It’s a surprisingly cool, windy, and cloudy day when I’m writing this, and we even expect a bit of rain in the next few days. But that’s unusual for May in the desert–just two days ago, we reached 105 degrees F., nearly a month sooner than expected. And we anticipate being back to the upper 90s by the weekend.
In July, during an ordinary year, we enter the monsoon season, during which we generally receive half our annual rainfall (about six-to-seven inches spread over an eight-to-twelve week period). But before the rains come, we have heat and long, dry days.
I water enough to keep the garden plants alive, but I plant strategically, often holding off on annuals until the monsoon comes, and only planting those hardy annuals that can survive temperatures over 100 degrees.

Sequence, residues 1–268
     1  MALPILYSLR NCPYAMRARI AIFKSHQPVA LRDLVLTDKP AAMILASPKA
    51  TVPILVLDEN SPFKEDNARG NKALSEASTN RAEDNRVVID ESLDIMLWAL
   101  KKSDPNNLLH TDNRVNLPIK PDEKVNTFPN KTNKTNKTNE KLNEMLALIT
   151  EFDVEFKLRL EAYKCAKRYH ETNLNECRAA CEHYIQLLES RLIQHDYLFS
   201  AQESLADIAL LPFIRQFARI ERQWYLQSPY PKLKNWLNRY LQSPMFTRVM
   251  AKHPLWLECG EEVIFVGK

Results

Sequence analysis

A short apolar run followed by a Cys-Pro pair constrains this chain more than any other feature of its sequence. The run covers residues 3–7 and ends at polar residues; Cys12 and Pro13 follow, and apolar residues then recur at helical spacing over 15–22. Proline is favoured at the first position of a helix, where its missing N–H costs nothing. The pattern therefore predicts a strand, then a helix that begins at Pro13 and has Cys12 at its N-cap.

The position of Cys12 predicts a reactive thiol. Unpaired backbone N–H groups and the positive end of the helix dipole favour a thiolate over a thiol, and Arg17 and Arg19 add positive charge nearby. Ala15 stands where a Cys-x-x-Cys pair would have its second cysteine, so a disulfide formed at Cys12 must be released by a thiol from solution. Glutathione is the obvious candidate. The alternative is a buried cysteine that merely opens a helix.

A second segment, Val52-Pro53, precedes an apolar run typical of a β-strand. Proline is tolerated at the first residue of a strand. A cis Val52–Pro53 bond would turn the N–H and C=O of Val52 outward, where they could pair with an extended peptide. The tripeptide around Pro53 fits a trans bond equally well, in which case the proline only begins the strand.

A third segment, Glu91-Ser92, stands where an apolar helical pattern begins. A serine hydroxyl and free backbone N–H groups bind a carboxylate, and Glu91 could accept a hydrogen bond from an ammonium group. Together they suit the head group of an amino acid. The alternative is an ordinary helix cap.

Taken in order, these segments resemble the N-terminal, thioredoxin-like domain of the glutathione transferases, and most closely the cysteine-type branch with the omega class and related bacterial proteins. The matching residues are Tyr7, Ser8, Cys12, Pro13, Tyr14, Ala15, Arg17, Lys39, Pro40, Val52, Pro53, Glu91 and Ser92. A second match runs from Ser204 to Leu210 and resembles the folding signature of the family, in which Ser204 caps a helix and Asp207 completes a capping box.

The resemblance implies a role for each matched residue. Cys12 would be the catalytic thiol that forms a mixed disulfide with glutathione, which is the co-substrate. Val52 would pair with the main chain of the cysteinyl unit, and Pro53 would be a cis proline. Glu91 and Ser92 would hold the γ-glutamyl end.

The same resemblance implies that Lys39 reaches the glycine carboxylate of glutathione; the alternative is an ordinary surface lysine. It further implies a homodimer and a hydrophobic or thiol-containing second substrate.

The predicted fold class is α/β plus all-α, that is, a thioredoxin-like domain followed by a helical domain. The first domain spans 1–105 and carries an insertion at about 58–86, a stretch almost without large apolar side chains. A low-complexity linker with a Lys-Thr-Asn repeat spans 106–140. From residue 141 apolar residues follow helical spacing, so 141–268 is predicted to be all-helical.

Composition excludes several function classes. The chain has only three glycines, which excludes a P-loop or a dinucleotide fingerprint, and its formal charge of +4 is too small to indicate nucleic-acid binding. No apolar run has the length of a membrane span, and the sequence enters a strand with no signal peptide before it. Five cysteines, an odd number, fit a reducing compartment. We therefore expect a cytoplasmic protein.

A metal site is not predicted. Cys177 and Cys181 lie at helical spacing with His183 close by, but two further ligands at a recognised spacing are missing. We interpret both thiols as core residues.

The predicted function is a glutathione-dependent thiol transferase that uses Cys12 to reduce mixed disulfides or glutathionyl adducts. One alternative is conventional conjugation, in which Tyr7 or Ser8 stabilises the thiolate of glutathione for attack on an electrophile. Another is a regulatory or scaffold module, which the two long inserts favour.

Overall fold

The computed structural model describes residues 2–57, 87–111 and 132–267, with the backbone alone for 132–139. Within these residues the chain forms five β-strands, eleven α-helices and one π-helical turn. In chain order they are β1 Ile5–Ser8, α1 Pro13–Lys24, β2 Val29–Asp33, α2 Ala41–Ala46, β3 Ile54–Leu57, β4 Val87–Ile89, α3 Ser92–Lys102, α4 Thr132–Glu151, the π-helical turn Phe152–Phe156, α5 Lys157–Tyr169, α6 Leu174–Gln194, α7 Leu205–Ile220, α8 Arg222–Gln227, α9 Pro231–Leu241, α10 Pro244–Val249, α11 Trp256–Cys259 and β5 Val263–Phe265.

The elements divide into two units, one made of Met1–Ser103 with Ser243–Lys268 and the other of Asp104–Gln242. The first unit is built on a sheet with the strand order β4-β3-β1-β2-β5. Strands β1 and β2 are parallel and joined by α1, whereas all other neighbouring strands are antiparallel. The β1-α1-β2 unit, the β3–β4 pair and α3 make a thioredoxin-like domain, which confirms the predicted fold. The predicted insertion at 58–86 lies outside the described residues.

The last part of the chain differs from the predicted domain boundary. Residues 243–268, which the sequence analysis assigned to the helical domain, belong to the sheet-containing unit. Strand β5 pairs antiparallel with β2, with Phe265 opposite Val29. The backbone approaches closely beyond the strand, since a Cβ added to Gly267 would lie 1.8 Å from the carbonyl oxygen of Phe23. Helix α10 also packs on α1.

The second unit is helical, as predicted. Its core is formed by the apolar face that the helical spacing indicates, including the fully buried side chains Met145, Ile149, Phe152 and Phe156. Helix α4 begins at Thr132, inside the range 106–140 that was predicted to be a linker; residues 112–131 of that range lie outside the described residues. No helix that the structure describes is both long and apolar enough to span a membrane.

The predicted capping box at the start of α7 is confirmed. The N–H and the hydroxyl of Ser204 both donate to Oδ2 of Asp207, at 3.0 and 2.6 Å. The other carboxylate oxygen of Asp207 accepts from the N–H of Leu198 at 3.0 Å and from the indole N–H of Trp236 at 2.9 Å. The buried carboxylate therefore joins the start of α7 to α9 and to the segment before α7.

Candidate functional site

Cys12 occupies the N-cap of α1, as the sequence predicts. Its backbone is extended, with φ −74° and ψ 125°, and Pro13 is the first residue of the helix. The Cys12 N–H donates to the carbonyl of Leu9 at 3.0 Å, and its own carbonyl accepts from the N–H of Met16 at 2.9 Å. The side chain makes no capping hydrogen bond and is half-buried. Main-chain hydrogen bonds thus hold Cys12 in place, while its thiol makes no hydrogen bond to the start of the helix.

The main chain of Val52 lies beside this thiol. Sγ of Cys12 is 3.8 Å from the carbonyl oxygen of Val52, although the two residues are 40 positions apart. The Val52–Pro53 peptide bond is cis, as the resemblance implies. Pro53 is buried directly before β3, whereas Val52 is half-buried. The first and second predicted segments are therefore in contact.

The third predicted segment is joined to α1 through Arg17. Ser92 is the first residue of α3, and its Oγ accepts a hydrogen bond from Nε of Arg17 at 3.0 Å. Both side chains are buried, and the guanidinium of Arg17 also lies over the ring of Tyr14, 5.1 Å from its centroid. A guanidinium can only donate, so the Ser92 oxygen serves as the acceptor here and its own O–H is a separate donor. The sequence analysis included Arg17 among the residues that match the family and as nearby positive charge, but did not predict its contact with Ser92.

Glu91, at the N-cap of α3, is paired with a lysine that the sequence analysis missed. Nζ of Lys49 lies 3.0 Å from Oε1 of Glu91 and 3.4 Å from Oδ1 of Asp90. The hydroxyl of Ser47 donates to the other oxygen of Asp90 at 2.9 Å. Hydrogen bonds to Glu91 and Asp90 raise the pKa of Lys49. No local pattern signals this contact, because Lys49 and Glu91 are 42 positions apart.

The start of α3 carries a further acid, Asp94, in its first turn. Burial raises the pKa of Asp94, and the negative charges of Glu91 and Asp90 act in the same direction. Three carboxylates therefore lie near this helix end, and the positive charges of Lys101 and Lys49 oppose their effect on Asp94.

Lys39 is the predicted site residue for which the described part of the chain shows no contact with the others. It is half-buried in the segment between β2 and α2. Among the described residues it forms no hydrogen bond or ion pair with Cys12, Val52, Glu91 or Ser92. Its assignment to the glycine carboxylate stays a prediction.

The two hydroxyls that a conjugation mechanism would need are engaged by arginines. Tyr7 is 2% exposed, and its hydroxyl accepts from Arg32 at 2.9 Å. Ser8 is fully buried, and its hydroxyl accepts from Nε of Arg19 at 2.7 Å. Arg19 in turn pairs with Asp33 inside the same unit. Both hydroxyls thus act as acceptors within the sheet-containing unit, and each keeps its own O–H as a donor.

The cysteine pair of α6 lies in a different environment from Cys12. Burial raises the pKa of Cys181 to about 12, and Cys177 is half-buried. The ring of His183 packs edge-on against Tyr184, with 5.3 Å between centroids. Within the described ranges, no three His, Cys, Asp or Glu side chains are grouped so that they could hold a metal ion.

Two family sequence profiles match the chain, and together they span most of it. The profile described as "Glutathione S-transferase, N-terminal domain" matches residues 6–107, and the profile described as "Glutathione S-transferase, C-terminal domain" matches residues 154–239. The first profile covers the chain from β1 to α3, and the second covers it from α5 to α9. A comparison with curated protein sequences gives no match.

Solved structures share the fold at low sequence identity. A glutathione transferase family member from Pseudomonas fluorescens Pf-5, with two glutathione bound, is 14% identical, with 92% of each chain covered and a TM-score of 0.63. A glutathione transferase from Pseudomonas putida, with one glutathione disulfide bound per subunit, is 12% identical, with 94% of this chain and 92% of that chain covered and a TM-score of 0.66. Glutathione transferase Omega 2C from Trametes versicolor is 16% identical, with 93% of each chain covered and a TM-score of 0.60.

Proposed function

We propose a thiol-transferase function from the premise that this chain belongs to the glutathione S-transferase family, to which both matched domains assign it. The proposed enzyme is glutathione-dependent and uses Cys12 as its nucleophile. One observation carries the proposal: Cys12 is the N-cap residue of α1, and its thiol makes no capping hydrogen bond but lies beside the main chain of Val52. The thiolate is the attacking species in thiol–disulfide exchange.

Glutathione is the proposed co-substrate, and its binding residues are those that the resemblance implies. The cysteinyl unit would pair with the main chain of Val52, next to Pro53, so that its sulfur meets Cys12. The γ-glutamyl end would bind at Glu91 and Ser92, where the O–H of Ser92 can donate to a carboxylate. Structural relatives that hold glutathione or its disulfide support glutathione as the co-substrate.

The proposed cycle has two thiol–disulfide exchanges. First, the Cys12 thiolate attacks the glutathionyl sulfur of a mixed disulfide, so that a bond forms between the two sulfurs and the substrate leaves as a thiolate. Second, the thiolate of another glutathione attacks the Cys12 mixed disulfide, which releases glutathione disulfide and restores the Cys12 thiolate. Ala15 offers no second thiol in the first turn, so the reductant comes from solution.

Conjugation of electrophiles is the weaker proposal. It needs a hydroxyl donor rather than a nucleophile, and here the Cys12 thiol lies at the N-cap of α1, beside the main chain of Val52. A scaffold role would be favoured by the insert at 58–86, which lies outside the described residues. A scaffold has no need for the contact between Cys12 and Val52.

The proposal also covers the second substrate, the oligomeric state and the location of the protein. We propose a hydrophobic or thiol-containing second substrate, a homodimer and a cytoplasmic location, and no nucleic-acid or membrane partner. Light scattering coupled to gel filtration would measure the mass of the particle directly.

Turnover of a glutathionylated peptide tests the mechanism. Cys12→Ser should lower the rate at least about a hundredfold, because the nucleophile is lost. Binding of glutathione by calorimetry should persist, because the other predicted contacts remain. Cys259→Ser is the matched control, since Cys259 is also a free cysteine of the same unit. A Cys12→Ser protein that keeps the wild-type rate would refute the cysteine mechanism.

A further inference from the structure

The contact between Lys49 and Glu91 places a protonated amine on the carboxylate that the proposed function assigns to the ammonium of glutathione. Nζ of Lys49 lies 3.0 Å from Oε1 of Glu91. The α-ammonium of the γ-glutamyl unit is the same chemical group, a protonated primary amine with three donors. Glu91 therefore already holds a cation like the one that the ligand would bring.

I’ve come to see it as a second dormant season.
It’s part of the system here, and it has advantages, since fungus, mildew, and plant diseases often can’t survive it. And once the monsoon comes, everything comes alive within days and hours.
With the jet stream forming increasingly different and disrupted flows over the past several years, I am wondering about this summer’s patterns of heat and monsoon. Will the patterns we’ve come to count on continue? How do we shift our gardening in response to climate change?
For me, the priority has become to continue to nurture the habitat that my garden provides for hummingbirds, butterflies, lizards, songbirds, raptors, and other wildlife. These individuals depend on it.